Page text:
Warning over hospital's huge debt

By Benedict O'ConnorA “WORRIED” MP has warned cuts may follow if a hospital facing a huge deficit failed to reign in its finances.Richard Spring, West Suffolk MP, said he feared the predicted £6.

By Benedict O'Connor

A “WORRIED” MP has warned cuts may follow if a hospital facing a huge deficit failed to reign in its finances.

Richard Spring, West Suffolk MP, said he feared the predicted £6.5million overspend at West Suffolk Hospitals Trust could result in cuts to services.

His warning came as the trust put the finishing touches to its bid for foundation status, which would give it greater independence and put it on a firmer financial footing.

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Final details of the bid were agreed at a special meeting of the trust board on Monday. If granted, it would allow the hospital to repay its debts over three years.

But if its bid is unsuccessful, the trust - which runs West Suffolk Hospital in Bury St Edmunds and Walnuttree and St Leonard's Hospital in Sudbury - would be required to restructure its finances to repay its debts over a 12 month period.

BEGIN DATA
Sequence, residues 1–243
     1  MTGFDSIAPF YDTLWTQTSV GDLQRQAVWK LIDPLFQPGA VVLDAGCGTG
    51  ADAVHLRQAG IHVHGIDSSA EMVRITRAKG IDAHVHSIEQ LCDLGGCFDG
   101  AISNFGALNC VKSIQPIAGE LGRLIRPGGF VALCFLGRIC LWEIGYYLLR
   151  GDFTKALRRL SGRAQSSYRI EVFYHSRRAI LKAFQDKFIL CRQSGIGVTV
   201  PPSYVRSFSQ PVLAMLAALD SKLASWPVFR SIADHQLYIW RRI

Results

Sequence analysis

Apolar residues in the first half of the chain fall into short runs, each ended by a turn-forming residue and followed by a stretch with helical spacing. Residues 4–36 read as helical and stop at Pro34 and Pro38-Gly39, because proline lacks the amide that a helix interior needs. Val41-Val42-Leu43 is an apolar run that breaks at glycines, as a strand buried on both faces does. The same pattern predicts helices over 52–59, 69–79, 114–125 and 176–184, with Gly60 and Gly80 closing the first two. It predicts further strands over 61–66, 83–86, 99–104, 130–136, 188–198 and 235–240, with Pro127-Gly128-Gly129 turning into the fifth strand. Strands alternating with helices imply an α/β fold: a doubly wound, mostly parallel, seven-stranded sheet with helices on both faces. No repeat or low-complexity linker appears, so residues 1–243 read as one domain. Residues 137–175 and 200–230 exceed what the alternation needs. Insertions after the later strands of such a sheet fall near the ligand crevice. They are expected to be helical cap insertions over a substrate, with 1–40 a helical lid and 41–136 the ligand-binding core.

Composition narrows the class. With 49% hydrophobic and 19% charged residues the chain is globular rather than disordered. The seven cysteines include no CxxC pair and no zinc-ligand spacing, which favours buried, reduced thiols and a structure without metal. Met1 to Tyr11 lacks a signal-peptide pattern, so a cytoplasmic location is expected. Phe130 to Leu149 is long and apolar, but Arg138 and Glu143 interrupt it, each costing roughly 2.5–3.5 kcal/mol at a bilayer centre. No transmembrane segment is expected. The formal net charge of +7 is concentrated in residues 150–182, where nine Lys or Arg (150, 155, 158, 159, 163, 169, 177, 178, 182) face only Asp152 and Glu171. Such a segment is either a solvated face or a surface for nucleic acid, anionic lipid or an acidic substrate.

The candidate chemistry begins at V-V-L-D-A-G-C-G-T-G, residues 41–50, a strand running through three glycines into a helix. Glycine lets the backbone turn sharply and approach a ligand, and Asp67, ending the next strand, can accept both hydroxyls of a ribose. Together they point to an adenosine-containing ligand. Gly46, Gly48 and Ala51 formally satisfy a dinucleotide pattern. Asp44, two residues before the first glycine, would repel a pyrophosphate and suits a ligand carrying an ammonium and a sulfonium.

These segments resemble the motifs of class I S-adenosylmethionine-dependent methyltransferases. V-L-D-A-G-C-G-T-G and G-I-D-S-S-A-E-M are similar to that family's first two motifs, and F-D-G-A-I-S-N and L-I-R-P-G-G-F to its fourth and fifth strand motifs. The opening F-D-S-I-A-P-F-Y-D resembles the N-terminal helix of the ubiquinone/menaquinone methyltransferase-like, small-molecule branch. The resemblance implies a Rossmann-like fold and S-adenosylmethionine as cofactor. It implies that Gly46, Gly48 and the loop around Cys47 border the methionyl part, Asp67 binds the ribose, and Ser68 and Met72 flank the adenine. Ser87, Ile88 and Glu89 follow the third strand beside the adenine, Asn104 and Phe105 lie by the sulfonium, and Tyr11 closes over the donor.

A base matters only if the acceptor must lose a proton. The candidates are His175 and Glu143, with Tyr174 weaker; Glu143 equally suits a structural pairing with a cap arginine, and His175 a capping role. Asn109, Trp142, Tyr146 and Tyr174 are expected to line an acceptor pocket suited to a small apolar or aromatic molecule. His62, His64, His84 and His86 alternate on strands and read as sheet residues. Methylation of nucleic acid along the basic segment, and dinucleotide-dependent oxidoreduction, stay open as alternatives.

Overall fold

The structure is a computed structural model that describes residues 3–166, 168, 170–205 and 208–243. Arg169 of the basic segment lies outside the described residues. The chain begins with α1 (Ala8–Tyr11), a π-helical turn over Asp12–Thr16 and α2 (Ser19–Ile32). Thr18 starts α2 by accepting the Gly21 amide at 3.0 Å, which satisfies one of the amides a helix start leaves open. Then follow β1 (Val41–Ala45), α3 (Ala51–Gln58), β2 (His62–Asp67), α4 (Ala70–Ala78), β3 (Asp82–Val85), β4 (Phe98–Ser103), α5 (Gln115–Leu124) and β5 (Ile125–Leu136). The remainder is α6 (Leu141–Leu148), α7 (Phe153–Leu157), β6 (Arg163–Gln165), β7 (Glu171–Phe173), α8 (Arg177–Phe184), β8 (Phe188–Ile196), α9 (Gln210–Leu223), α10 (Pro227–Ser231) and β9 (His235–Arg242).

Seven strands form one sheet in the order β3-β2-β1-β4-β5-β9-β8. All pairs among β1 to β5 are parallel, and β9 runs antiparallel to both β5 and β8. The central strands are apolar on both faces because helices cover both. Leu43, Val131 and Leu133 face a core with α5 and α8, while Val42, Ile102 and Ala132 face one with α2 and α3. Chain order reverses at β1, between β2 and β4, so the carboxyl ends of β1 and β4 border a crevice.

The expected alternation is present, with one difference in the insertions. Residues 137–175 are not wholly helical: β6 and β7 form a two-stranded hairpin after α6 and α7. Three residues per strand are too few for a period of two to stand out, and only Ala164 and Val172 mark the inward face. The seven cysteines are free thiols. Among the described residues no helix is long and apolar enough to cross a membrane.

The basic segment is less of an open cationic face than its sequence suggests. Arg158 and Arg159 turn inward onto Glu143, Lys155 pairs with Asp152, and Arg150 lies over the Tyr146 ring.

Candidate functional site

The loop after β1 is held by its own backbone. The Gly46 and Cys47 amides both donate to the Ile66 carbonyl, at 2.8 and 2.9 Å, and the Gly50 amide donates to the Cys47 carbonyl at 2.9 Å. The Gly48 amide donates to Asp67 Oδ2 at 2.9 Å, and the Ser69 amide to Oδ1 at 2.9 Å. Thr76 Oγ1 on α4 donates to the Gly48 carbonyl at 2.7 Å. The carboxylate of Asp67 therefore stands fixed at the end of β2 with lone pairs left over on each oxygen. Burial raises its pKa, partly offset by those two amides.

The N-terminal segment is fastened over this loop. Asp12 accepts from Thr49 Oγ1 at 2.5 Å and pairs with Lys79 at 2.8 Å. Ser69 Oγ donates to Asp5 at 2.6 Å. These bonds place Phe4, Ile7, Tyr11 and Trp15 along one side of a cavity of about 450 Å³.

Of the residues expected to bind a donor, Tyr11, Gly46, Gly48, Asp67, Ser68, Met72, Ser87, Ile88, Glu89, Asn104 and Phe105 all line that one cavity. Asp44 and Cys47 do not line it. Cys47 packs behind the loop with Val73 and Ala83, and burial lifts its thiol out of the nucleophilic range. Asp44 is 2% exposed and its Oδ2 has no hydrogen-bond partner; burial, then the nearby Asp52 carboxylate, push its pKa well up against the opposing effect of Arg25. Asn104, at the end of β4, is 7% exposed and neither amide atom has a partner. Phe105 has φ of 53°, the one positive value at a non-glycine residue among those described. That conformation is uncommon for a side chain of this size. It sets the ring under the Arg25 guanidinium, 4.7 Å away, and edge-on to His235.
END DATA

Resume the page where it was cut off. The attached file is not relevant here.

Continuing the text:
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A decision on the trust's foundation status is expected by the end of March, but Mr Spring said the predicted deficit was “certainly much greater” than had been expected and warned there could be dire consequences if the application was unsuccessful.

“This is very worrying as there does not seem to be any solution to this. The money has to be paid back and inevitably if this continues, there will be cuts in clinical care,” he claimed.

Mr Spring said he would write to the chief executive of the Norfolk, Suffolk and Cambridgeshire Strategic Health Authority about the trust's financial situation.

Trust chief executive Chris Bown said that in the event of the foundation status bid being rejected, there would be “radical change”, but cuts would be avoided were possible.

“We would want to avoid cuts and we would have to look at ways of making savings and providing services and there would be some radical change, but there is radical change throughout the health system nationally. It would not be the end of the world,” he added.

Mr Bown said some contracts may have to be reviewed to see if better value was available, while staff working methods may be subject to change.

He added: “We have always known we are not an easy organisation to determine because of the financial issues we are facing, so that makes us a higher risk than some other organisations.”

Mr Bown said he was optimistic about the trust's chances of getting foundation status following a crunch meeting earlier this month with officials from Monitor, which will determine its bid.


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